Remelting scrap requires much less energy than the production of steel products from iron ore, USGS said. Consumption steel scrap by remelting also reduces the burden on landfill disposal facilities and prevents the accumulation of abandoned steel products in the environment.
On the economic front, C&D materials recycling results in a greater job creation and industrial activity relative to landfilling. The C&D recycling industry was responsible for the direct support of 19,000 jobs in the U.S. in 2012, according to the CDRA report.
Much of this is because facility owners have invested over $4.5 billion in the development and construction of C&D recycling infrastructure.

Drought meets demolition

Earlier this year, Lennar came under fire when the Bay Area News Group published a story accusing the company of wasting thousands of gallons an hour of drinking water to hold down dust during the demolition despite free recycled water being available less than 2 miles away, as part of a SFPUC drought conservation program.
Lennar deflected the newspaper’s claim, saying San Francisco water officials had forbidden the use of recycled water. Although officials initially told reporters the company could use recycled water, Lennar ultimately was proved correct — state health codes do prohibit the use of recycled water for dust mitigation. This is meant to minimize inhalation of potentially harmful substances when recycled water is aerosolized.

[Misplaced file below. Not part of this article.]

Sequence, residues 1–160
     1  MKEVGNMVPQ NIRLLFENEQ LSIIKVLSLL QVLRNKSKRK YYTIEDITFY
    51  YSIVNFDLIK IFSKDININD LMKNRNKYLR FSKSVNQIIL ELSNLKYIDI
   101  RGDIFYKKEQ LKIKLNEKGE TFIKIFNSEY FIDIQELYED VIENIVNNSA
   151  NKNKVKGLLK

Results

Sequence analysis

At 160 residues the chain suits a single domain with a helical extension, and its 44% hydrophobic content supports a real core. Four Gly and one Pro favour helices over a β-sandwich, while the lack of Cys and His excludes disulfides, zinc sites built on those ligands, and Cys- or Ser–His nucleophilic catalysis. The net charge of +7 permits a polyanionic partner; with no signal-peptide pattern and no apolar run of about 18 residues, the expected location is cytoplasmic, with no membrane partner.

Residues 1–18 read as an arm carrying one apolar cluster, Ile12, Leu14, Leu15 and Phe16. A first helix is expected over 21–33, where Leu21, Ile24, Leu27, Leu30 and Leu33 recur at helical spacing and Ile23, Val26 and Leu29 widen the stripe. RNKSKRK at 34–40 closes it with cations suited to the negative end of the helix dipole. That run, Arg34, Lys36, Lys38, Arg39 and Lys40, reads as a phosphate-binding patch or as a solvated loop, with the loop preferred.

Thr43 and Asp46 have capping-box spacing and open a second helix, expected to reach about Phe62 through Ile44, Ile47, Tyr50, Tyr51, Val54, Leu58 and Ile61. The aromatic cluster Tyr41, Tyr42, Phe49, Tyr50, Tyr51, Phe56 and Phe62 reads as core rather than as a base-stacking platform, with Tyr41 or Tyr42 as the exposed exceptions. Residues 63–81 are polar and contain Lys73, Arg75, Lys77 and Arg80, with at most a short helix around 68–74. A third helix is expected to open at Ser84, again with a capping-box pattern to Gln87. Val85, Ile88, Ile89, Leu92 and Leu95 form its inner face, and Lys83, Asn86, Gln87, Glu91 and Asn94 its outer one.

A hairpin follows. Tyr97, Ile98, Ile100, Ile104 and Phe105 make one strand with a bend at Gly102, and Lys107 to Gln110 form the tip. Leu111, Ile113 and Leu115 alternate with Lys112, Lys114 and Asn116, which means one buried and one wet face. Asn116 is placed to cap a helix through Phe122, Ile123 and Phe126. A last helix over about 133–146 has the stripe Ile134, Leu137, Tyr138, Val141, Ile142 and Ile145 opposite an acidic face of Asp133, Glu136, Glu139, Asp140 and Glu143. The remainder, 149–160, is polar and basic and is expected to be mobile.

As unsustainable as it sounds, the company has no choice but to use drinking water to hold down dust.
“State laws do not permit the use of recycled water for dust control that requires aerial spraying,” Johnson told GreenBiz. “A regulatory spokesman mistakenly told a newspaper that recycled water could be used. But, prior to the start of demolition, water authorities informed us that we could not use recycled water for the demolition of Candlestick.
“All of our work is guided by the latest principles of sustainability and good stewardship of the environment."

Bottle to bottle

See the handy-dandy graphic below to learn how what you recycle today turns into the bottle or can you purchase tomorrow.